What would I be investing in, exactly?

Speights breaks down the industry into growers, biotechs and ancillary providers. For an example of the latter, think Scotts Miracle-Gro: The old gardening-supply company got into cannabis-supply products in a big way, and now, Speights says, cannabis makes up about 47 percent of the company’s revenues.

Another example would be Constellation Brands, the beer conglomerate, which invested billions into a cannabis company, Canopy Growth, and is reaping the rewards. Basically then, if you invest in Constellation instead of Canopy Growth, you get the best of both worlds, Speights says: Constellation’s beer-market domination plus the boom in cannabis.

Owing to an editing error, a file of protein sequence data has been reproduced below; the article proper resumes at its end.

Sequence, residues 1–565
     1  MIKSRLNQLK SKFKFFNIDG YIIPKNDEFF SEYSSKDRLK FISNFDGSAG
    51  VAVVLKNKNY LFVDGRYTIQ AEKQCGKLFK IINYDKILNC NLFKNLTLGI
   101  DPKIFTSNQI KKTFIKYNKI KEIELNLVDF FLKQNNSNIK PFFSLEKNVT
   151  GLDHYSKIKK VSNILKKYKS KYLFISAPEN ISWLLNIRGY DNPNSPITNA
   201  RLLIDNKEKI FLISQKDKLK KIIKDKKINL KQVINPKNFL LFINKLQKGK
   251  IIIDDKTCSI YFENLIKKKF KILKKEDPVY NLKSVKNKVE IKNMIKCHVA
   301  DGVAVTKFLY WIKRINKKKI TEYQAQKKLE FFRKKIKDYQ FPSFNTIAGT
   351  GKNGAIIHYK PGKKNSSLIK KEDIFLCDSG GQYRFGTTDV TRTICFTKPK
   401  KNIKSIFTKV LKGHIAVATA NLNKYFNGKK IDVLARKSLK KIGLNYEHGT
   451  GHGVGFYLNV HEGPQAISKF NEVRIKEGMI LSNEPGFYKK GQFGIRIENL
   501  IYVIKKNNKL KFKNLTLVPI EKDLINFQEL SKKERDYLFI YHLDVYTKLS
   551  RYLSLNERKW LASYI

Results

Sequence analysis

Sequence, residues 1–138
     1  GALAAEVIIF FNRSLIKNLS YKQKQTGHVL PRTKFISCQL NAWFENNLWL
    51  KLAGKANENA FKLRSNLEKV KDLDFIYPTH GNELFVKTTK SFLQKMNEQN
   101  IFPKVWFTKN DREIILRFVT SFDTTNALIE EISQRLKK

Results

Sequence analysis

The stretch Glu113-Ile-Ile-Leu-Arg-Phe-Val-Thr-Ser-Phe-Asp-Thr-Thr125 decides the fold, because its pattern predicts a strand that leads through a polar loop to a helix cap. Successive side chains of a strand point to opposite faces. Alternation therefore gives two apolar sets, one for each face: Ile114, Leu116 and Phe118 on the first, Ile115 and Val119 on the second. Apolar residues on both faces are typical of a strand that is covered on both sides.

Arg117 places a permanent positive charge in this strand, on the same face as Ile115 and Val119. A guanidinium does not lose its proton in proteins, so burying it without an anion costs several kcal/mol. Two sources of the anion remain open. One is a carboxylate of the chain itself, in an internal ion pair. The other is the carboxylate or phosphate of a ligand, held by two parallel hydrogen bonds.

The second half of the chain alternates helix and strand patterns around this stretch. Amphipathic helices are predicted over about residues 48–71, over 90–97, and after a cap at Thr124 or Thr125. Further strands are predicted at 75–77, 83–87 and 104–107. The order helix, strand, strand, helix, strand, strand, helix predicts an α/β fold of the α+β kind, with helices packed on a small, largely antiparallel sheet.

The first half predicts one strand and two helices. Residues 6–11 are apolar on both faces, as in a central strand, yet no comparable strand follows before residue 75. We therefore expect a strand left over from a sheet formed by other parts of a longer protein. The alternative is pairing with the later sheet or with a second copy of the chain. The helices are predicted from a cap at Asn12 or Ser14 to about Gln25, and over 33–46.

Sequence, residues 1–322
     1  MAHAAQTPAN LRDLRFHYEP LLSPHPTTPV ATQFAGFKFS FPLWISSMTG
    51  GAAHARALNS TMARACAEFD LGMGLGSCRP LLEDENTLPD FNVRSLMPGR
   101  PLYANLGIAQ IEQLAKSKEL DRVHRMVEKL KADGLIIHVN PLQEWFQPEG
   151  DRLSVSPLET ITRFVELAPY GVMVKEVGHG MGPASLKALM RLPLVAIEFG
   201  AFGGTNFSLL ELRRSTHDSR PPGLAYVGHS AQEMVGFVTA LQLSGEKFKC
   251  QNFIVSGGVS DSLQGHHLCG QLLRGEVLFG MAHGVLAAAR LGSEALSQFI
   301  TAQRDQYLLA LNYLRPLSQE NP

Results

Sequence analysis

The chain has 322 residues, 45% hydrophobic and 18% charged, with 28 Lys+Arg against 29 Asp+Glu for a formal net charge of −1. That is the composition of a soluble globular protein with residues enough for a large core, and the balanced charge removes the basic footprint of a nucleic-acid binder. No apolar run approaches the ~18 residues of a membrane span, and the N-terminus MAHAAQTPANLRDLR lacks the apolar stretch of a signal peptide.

How do I know what companies to invest in?

Cannabis is, of course, still illegal in the eyes of the federal government. That makes its existence at least somewhat shaky, even if the chances of the government cracking down on the industry are remote for now. Other than that, however, the principles of investing in cannabis aren’t any different from investing in anything else. Speights recommends diving into the following topics, more information for which can be found on a company’s investor-relations webpage:

  • Read about a company’s management team.
  • Check out their track records and experience.
  • Review the company’s growth strategy.
  • See if the company has rivals, and how it plans to differentiate itself.